The case against Herman Cain
Yesterday, we made the case for longshot GOP presidential candidate -- pizza magnate Herman Cain -- and why he could be a bigger factor in the 2012 race than you might think.
Today, we make the (much easier) opposite case.
Money: The biggest obstacle for any little-known candidate is cash. And that goes double for a small-time -- or "mid-major," as we labeled Cain on Tuesday -- candidate. Cain admitted as much in an interview with The Fix this week. "The biggest barrier is a lot of contributors want to stay on the sidelines until they see how well you can do," he said. "A lot of people don't back the person they want to win; they back the person who they think is going to win." The good news for Cain is he's got some personal money -- not Mitt Romney money, but enough to seed his campaign and get it off the ground. From there, he needs to convince donors, along with voters, that he's for real. Cain self-funded $775,000 and raised another $2 million for his failed 2004 Georgia Senate primary campaign. Those are solid totals for a statewide primary, but he needs to raise a lot more now.
History: As we just mentioned, Cain lost in his only other bid for major office, finishing second in a 2004 GOP Senate primary and failing to force a runoff with now-Sen. Johnny Isakson (R-Ga.). Cain insists he got a late start and said it was valuable learning experience, but the fact remains that he lost 53 percent to 26 percent. There's also, of course, the history of presidential campaigns. The only non-elected officeholders to win the presidency have been military generals. So Cain would be coming from a far different world than anybody before him. He says it's a benefit to not have a political background these days -- "Real folks don't give a flip about having previous political experience" -- but it can also be a roadblock to building an organization and convincing people of your credibility.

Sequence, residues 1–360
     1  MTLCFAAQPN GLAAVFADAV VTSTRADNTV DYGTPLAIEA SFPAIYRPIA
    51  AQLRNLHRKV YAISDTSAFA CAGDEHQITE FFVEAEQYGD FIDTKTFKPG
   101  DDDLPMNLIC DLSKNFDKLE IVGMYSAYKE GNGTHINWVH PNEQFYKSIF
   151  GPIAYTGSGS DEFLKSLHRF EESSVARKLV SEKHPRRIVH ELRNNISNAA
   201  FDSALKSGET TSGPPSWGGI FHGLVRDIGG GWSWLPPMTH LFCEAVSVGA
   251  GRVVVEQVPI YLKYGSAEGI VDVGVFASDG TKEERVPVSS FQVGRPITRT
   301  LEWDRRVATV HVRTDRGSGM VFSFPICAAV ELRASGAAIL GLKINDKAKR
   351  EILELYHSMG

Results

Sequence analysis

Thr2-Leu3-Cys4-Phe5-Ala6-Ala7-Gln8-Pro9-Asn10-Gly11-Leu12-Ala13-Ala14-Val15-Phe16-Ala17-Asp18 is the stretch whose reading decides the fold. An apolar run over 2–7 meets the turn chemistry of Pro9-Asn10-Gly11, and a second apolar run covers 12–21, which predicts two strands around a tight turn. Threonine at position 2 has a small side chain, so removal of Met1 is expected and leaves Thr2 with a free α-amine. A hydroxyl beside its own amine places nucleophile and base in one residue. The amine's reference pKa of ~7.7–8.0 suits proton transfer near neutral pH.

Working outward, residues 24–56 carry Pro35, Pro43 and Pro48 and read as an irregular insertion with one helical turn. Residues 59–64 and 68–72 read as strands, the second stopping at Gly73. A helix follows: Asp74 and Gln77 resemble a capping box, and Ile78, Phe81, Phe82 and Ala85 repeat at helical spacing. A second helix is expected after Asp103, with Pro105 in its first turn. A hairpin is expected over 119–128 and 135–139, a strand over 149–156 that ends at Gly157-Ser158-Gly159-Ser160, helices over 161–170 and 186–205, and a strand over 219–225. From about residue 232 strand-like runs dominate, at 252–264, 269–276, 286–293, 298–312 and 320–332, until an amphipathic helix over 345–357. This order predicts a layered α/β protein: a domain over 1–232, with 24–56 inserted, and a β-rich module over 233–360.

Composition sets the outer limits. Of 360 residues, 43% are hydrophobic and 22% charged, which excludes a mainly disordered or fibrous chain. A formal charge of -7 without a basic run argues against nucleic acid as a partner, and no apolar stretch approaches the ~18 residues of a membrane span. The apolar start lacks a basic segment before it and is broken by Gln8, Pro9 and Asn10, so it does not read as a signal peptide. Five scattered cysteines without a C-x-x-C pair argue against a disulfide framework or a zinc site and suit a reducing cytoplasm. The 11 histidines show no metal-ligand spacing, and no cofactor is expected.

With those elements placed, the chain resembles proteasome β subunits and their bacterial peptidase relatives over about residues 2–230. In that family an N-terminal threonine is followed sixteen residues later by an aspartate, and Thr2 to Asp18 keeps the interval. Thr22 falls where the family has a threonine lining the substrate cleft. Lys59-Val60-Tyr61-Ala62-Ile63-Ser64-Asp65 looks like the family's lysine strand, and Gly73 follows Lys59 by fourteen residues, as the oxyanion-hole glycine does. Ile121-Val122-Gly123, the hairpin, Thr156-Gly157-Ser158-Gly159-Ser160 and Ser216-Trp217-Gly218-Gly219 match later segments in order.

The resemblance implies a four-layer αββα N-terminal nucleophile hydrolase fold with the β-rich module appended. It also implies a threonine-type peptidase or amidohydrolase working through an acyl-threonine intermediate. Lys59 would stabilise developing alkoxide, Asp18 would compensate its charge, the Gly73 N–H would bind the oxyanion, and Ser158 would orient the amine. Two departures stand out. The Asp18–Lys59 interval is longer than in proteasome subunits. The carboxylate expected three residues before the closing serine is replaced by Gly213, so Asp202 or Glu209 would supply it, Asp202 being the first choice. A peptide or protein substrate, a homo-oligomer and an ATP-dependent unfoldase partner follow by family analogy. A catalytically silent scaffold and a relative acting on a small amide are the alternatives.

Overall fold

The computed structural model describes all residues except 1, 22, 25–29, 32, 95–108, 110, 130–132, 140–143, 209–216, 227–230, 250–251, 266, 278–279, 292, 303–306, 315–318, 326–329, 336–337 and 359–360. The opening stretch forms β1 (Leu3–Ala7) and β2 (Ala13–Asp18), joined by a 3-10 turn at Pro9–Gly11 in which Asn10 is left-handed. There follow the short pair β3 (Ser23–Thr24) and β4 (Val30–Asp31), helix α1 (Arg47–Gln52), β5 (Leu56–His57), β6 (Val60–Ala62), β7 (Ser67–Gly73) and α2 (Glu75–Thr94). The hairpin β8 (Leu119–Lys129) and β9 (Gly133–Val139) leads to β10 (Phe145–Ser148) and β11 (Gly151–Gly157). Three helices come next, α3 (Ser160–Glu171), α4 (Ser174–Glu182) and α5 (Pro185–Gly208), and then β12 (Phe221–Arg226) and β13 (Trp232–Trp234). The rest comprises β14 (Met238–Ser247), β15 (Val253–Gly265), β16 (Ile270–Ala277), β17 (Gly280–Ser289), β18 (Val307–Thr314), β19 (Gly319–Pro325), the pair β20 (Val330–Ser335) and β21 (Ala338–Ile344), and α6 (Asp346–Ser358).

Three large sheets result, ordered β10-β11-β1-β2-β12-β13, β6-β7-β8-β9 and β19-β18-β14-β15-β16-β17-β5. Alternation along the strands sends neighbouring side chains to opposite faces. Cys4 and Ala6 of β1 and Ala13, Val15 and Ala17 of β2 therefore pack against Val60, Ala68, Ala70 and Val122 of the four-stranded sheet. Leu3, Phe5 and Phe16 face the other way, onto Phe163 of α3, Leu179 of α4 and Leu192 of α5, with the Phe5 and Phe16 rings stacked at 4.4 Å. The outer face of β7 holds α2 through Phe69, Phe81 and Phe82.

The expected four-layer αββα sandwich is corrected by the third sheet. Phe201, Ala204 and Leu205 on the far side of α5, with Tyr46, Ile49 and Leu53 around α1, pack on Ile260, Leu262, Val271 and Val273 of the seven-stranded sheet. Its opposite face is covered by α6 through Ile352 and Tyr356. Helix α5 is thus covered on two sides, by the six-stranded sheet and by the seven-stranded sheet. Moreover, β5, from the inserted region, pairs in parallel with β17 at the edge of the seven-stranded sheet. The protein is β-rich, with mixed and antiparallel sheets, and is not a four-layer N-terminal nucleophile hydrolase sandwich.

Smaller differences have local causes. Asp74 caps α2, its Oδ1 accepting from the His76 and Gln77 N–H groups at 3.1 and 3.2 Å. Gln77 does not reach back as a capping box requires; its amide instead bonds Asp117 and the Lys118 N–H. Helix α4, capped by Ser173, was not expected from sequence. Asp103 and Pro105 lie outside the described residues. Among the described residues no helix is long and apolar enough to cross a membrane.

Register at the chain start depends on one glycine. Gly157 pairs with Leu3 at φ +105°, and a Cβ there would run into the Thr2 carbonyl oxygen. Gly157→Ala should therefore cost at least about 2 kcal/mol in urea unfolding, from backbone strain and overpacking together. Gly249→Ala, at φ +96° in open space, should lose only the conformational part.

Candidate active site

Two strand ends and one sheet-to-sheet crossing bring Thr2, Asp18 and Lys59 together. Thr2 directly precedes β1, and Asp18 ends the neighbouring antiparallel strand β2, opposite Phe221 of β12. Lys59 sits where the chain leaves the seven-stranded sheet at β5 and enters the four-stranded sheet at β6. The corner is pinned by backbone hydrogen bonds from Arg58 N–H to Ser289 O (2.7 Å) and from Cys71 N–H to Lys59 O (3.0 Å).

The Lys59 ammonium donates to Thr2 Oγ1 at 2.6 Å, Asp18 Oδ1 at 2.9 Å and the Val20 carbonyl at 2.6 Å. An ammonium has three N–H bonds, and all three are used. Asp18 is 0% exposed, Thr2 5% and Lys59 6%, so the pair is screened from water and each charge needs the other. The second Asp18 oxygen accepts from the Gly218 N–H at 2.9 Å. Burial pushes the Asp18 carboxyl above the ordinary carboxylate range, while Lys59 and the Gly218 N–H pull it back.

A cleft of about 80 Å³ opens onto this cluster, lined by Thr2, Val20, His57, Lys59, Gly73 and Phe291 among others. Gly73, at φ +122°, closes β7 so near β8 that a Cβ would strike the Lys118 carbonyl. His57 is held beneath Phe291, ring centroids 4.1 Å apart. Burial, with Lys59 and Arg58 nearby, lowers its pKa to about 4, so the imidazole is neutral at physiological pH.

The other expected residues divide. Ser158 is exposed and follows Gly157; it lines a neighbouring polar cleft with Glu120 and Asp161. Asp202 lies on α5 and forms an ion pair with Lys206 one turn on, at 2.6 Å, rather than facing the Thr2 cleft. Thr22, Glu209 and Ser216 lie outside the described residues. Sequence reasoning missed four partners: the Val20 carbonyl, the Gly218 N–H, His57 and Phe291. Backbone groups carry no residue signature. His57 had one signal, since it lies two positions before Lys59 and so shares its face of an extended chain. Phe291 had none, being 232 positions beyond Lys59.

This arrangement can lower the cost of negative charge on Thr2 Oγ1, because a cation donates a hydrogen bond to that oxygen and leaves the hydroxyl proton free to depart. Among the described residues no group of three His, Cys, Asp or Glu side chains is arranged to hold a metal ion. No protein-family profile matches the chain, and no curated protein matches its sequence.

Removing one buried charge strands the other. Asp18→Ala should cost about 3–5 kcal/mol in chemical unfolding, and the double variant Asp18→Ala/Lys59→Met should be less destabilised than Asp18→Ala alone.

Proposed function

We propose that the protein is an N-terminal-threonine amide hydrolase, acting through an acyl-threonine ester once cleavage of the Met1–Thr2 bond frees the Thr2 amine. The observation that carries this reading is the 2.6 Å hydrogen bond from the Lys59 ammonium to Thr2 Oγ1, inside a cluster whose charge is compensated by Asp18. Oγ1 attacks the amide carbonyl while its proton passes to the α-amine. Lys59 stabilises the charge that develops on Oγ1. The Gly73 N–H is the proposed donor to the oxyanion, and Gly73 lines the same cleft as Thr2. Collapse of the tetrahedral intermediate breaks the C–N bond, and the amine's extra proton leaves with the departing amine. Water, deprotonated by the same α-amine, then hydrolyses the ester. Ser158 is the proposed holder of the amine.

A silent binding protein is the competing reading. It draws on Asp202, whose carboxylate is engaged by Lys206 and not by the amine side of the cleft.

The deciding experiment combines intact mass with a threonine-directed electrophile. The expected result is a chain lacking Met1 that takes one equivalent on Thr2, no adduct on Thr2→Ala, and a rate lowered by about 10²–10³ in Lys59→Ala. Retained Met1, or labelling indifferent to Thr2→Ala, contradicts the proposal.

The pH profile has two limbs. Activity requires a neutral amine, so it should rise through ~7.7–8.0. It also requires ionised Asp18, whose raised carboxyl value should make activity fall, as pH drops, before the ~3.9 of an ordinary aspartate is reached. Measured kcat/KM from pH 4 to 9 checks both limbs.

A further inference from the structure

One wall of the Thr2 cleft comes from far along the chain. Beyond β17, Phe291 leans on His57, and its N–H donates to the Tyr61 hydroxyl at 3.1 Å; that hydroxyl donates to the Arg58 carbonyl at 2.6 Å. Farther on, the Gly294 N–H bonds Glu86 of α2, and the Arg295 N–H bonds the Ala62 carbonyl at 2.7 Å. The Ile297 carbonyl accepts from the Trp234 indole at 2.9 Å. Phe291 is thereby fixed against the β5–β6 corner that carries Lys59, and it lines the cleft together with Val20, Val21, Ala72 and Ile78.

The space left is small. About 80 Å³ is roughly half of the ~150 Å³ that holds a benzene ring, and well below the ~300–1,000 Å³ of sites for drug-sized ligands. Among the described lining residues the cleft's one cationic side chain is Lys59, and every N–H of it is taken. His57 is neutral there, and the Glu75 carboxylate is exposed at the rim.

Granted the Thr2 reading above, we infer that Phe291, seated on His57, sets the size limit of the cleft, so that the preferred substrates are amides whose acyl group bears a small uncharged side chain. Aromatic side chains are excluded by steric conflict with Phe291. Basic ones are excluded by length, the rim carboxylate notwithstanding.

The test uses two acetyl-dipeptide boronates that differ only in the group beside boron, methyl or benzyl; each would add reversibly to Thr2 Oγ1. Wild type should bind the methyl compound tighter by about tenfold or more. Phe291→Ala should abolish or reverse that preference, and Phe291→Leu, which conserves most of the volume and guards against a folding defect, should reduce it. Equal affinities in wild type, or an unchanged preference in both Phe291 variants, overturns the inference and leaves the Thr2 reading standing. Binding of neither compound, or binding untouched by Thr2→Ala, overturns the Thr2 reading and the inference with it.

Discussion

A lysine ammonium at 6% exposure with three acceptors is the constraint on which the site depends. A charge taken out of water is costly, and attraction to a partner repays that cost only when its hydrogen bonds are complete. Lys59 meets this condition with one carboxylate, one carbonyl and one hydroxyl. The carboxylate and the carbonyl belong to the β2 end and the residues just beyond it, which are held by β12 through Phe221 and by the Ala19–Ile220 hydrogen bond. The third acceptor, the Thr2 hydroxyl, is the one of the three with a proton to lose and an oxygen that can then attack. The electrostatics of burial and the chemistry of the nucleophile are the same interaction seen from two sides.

Name recognition: There's a decent chance you haven't heard Cain's name before. And, in that, you would have a lot in common with most Republican primary voters in states like Iowa and New Hampshire. It's going to take a lot of time and money for Cain to change that stark reality. Name identification is the most valuable quantity in politics, and Cain acknowledges it's a big obstacle for him. "The general public doesn't know who I am," he said. "My biggest weakness is national household name ID." A few presidential debates may help change that, but when there are so many people on stage and in the race, there are often limited opportunities to assert yourself and stand out.
The definition of victory: Yesterday, we made the case that Cain could be doing something very good for his career by running for president. Well, that cuts both ways. If Cain comes across as a self-promoter willing to say or do anything for attention, he could fade into the background and have a hard time raising money. That said, the effort Cain is putting into the campaign suggests this is much more than just a fleeting Donald-Trump-for-President type situation. He's working the grassroots, traveling the country and speaking to small gatherings of conservatives. Still, he's going to have to convince many of them that he's not a novelty candidate and that this unorthodox candidate actually has a shot.